One day, it happens. You walk into your kitchen and suddenly hate everything from the yellow linoleum to the matching muslin curtains to the rooster wallpaper that originally felt so, er, French. It’s time for a major face-lift. Coastal Living magazine’s homes editor, Brielle Ferreira, shares a few other signs that a kitchen’s design days are numbered.
When your life changes, your kitchen needs to as well. Maybe your kids finally started school (yes!) and need a place to do homework. (Enter the built-in desk.) Or maybe you just joined a wine club and plan to host monthly parties. (Enter the souped-up butler’s pantry with a fridge.) Whatever the case, your kitchen must evolve. That might be as straightforward as adding an island, Ferreira says, or as complex as installing a second sink and workstation for your spouse.
If it’s not so much the looks of the space as the functionality, get out your tape measure. That sacred area between the sink, fridge and stove (also known as the work triangle) should be somewhere between 4 and 9 feet, and clear of unnecessary traffic. Ferreira also says you should scrutinize pantry and cabinet storage, and sink depth: If they come up short, it may be worth considering an overhaul.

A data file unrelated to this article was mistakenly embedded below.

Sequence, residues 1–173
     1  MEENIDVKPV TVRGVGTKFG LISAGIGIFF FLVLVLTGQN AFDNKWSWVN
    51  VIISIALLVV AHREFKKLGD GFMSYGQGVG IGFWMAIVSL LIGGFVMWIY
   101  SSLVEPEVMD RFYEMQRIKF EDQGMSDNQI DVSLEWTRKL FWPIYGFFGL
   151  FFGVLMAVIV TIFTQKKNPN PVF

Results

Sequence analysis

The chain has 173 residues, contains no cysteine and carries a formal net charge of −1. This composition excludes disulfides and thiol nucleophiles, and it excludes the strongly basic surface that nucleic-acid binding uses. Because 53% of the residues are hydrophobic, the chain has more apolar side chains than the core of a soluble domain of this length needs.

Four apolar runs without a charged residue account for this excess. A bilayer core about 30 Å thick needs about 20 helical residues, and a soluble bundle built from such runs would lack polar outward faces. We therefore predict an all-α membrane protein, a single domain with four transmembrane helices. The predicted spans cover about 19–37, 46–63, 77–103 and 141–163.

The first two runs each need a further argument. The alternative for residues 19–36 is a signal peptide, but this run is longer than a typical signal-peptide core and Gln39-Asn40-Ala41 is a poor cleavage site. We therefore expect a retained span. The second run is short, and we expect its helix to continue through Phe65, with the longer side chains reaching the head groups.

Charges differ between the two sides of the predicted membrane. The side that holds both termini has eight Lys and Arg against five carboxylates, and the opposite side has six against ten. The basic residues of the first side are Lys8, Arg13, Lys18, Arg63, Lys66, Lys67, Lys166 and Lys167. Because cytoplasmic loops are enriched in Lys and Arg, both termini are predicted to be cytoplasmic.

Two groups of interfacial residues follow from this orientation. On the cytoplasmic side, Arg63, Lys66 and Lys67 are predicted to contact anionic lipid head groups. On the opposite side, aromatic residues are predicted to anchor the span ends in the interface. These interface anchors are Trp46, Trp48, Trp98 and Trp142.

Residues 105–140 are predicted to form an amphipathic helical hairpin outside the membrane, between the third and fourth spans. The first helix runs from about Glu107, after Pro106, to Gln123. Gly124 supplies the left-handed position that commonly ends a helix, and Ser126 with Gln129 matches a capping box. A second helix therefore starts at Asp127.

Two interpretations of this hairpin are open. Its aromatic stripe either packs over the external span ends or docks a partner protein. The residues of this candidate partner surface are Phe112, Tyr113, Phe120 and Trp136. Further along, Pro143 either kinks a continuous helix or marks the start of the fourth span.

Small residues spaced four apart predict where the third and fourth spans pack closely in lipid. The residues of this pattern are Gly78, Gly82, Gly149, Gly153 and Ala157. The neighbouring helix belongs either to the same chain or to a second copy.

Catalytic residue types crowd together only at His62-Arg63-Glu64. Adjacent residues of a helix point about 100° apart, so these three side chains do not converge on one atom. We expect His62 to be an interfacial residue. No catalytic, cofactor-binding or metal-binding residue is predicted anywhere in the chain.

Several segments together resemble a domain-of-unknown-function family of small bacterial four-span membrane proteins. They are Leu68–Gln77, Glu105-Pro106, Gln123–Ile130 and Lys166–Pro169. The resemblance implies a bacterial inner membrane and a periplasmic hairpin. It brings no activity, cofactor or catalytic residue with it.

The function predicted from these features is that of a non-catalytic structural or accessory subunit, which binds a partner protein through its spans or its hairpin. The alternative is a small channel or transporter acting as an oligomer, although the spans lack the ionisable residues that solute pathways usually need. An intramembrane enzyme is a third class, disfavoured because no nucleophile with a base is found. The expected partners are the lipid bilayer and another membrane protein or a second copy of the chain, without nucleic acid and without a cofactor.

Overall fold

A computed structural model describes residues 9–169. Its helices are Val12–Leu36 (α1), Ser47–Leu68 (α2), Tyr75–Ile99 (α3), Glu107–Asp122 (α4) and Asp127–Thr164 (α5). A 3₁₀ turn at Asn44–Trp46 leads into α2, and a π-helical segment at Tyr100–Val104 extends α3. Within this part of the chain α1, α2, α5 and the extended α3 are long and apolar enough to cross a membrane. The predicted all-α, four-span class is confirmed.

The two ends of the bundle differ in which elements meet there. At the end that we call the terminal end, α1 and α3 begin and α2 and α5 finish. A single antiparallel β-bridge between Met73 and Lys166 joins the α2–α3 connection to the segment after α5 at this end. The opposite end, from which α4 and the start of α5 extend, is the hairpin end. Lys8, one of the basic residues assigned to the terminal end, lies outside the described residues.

And then there are sheer cosmetics. Kitchen cabinets are like a woman’s hands: At a glance, they can give away their age. “There are some colors that are sticking around from the ‘70s that are very deeply tied [to that era],” Ferreira says. But unless your cabinets are falling off their hinges, think about painting them instead of replacing them. Mixing two tones of the same hue (dove-gray doors with steel-gray panels) is a fun way to stay on trend without breaking the bank.
Most kitchen appliances are built to last 12 to 15 years, Ferreira says. After that, you may notice a slightly warmer fridge or an uneven cooking performance. The good news? Today’s appliances are fun (really!). Think about ovens that can be controlled from your phone, and the latest wine coolers, steam ovens, and dishwashing and warmer drawers.
If you’re remodeling rooms that flow into the kitchen, picture the house as a whole. “It’s really important to maintain consistency between spaces,” Ferreira says. That new teak-paneled family room isn’t going to look so stunning if someone peeks at your knotty-pine kitchen. Particularly in an open space, it’s worth spending a little to make sure that colors, cabinets, fixtures and finishes coordinate.